36. 36.

    et al. Flagella and chemotaxis are required for efficient induction of Salmonella enterica serovar Typhimurium colitis in streptomycin-pretreated mice. Infect. Immun. 72, 4138–4150 (2004)

  37. 37.

    , & Single-copy green fluorescent protein gene fusions allow accurate measurement of Salmonella gene expression in vitro and during infection of mammalian cells. Appl. Environ. Microbiol. 69, 7480–7491 (2003)

  38. 38.

    & ColE1-type vectors with fully repressible replication. Gene 105, 17–22 (1991)

  39. 39.

    et al. The microbiota mediates pathogen clearance from the gut lumen after non-typhoidal Salmonella diarrhoea. PLoS Pathog. 6, e1001097 (2010)

  40. 40.

    , & Evaluation of a fluorescence-labelled oligonucleotide probe targeting 23S rRNA for in situ detection of Salmonella serovars in paraffin-embedded tissue sections and their rapid identification in bacterial smears. J. Clin. Microbiol. 35, 2642–2648 (1997)

  41. 41.

    et al. Fiji: an open-source platform for biological-image analysis. Nature Methods 9, 676–682 (2012)

  42. 42.

    et al. Pretreatment of mice with streptomycin provides a Salmonella enterica serovar Typhimurium colitis model that allows analysis of both pathogen and host. Infect. Immun. 71, 2839–2858 (2003)

  43. 43.

    et al. Innate and adaptive immunity cooperate flexibly to maintain host-microbiota mutualism. Science 325, 617–620 (2009)

Download references

Acknowledgements

We thank E. Slack, R. Kümmerli, M. Sellin and L. Robert for comments on the manuscript, G. Paul for input on the modelling, and Hardt laboratory members for discussions. M.D. was supported in part by the Fondation pour la Recherche Médicale. M.A., R.R.R. and W.-D.H. were supported by grants from the Swiss National Science Foundation.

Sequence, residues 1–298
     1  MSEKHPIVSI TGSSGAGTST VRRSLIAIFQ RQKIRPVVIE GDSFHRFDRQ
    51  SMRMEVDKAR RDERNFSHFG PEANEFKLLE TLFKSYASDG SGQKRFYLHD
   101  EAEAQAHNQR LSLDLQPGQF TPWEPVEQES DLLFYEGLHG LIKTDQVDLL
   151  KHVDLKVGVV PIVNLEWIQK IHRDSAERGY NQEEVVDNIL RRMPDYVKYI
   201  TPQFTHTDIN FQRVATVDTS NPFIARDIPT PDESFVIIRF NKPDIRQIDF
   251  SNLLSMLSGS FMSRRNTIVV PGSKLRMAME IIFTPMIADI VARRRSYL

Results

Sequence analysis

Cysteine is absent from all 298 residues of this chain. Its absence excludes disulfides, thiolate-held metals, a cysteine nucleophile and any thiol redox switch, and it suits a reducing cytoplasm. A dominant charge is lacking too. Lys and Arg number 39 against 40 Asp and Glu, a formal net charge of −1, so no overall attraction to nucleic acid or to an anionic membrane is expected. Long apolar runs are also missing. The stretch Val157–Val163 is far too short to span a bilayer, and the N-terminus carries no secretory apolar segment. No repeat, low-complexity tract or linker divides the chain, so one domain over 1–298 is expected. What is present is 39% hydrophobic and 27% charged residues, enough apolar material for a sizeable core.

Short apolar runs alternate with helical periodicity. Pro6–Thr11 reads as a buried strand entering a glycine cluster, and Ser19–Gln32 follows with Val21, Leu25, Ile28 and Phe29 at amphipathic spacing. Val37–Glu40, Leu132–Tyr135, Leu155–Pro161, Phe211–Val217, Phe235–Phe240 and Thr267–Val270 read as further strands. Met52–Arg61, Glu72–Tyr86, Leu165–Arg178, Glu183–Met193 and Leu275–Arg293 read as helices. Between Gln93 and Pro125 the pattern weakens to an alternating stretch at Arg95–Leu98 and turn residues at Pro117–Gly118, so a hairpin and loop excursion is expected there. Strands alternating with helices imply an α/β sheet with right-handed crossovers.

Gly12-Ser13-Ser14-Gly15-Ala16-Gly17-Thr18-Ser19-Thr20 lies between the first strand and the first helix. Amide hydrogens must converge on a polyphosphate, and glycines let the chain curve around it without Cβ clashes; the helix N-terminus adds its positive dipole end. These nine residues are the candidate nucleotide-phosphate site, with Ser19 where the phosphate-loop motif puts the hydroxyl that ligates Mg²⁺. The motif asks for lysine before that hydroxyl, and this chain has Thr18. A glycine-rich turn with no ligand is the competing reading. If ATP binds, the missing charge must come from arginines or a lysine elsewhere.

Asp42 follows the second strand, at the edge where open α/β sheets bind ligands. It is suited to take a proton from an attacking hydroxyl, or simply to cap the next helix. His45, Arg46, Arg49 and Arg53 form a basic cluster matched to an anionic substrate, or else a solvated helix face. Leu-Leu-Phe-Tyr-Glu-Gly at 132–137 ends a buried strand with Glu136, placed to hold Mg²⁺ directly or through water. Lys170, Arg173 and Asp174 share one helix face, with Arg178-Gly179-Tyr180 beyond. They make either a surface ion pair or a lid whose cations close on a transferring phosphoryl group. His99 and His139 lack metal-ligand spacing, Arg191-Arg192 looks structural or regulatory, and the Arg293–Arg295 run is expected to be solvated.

Author information

Affiliations

  1. Institute of Microbiology, ETH Zurich, Wolfgang-Pauli-Str. 10, 8093 Zurich, Switzerland

    • Médéric Diard
    • , Lisa Maier
    • , Mitja N. P. Remus-Emsermann
    •  & Wolf-Dietrich Hardt
  2. Institute of Integrative Biology, ETH Zurich, Universitaetsstr. 16, 8092 Zurich, Switzerland

    • Victor Garcia
    •  & Roland R. Regoes
  3. Department of Environmental Systems Science, ETH Zurich, and Department of Environmental Microbiology Eawag, Ueberlandstr. 133PO Box 611, 8600 Duebendorf, Switzerland

    • Martin Ackermann

Authors

  1. Search for Médéric Diard in:

  2. Search for Victor Garcia in:

  3. Search for Lisa Maier in:

  4. Search for Mitja N. P. Remus-Emsermann in:

  5. Search for Roland R. Regoes in:

  6. Search for Martin Ackermann in:

  7. Search for Wolf-Dietrich Hardt in:

Contributions

M.D., V.G. and R.R.R. conceived and analysed the mathematical simulations. M.D., V.G. and R.R.R. wrote the theoretical part of the paper. M.D., W.-D.H., L.M. (Supplementary Figs 14 and 20), M.N.P.R.-E (Supplementary Fig. 8) and M.A. designed the experiments and analysed the data. M.D., W.-D.H. and M.A. wrote the paper. M.D. and L.M. (Supplementary Figs 14 and 20) performed the experiments.

Competing interests

The authors declare no competing financial interests.

Corresponding authors

Correspondence to Roland R. Regoes or Martin Ackermann or Wolf-Dietrich Hardt.

Supplementary information

PDF files

  1. 1.

    Supplementary information

    This file contains Supplementary Text and Data, Supplementary Table 1, Supplementary Figures 1-20 and Supplementary References.

About this article

Publication history

Received

Accepted

Published

DOI

https://doi.org/10.1038/nature11913

Further reading

Comments

By submitting a comment you agree to abide by our Terms and Community Guidelines. If you find something abusive or that does not comply with our terms or guidelines please flag it as inappropriate.